Epizootic Ulceritic Syndrome Now in South Africa

Olaf Weyl (South African Institute for Aquatic Biodiversity)

The fish disease, Epizootic Ulceritic Syndrome or EUS for short, was recently diagnosed by researchers from the Aquaculture Research Division of the Department of Agriculture, Forestry and Fisheries, in barbel from a farm dam near Stellenbosch. The disease is caused by a fungus that is originally from Southeast Asia but has been spread to many other parts of the world by the movement of live fish and, possibly by the transport of contaminated water.

While confirmed diagnosis requires histological examination of the tissue and genetic screening for the presence of the fungus, I have recently received an alarming number of reports of fish with ulcers from all over Southern Africa. Waters where suspect fish have been reported include Theewaterskloof Dam, Buffelsjagts and Arabie Dam in the Western Cape and more recently in Hartebeespoort and the Vaal Dam in Gauteng. I have also received photos of bass from Zimbabwe that appear to have similar ulcers and EUS has been present in the Upper Zambezi and the Okavango Rivers for a couple of years.

Once introduced, the disease is fairly indiscriminate and has been reported to affect most fish species including popular angling species such as bass, barbel, carp, nembwe and tigerfish. Infection of fish requires the breaking of the skin for the fungus to get hold and once infected, the disease manifests itself in three stages. The disease progressed as follows: first, pinhead sized red spots form on the body and fins of the fish; these develop into small (2-4 cm) ulcers which finally form large open ulcers which eventually kill the fish. The distribution of the disease in South Africa is currently unknown and we unfortunately do not know what its long term impact will on our native fish stocks. What we do know is that disease spreads aggressively through fish populations once introduced.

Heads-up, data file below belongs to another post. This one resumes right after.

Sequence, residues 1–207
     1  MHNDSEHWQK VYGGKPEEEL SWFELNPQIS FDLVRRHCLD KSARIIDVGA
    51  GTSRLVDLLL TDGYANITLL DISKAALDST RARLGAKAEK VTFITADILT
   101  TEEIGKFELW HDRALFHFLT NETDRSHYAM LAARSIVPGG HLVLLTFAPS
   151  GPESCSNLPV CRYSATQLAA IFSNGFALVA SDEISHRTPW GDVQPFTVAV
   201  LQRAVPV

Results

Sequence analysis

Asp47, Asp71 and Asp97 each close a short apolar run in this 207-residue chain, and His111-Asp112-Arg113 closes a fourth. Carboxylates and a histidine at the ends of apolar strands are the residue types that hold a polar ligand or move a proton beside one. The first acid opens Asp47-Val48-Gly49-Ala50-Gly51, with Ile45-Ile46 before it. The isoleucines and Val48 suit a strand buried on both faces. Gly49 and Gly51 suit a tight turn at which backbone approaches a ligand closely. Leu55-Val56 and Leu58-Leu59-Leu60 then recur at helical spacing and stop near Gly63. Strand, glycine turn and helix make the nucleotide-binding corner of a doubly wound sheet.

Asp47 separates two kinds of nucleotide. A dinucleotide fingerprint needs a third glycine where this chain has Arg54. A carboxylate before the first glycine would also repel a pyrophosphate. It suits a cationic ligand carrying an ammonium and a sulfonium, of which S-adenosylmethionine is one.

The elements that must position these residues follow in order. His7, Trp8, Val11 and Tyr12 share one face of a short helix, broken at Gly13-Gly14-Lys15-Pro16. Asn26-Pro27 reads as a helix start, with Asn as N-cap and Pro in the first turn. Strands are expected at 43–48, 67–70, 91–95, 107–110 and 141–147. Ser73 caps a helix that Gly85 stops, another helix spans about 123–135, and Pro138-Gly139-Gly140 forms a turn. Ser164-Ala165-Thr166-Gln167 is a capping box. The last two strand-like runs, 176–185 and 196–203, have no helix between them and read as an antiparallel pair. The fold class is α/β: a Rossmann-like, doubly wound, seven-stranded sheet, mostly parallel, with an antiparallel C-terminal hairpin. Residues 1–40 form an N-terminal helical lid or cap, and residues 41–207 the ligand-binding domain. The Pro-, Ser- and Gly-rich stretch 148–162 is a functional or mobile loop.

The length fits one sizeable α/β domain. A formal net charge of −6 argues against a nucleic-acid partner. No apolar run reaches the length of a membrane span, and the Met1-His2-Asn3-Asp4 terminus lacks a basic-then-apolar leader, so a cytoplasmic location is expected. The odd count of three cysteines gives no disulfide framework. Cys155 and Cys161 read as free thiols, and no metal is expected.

Unfortunately, there appears to be no feasible way to control this disease once it affects wild fish populations and the only control measure is to try to limit its spread in the country. It is therefore vital that all anglers understand that: THE ONLY WAY TO CONTROL THIS DISEASE IS TO CONTROL ITS SPREAD TO NEW WATERS. We can all contribute to this by the following:

  • Do not move any fish, live bait or fish parts from one water body to another. Fish with no clinical signs may be carriers of the disease.
  • Do not keep infected fish in your livewell is may result in the fungus being transmitted to healthy fish.
  • Use knotless landing nets to minimize abrasions on the fish.
  • Empty your live-well and bilges before leaving the launch site.
  • Clean boats, trailers, fishing gear and drain live wells and bait buckets between fishing trips. If you have been outside South Africa, consider taking the extra precaution of soaking your live-well and bilge area with a solution of one 1 tablespoon of bleach (Jik or Jayes Fluid) to 5 litres of water for 10 minutes. Then rinse thoroughly to get rid of any remaining bleach (watch your carpets!).
  • Help educate other anglers in the dangers of disease transmission.
  • Please send photos of suspicious fish and GPS coordinates to me as I would like to monitor this situation. My email is o.weyl@saiab.ac.za

The photos below are of bass caught in Zimbabwe, Hartebeespoort, Theewaterskloof, Vaal Dam respectively.






Return to News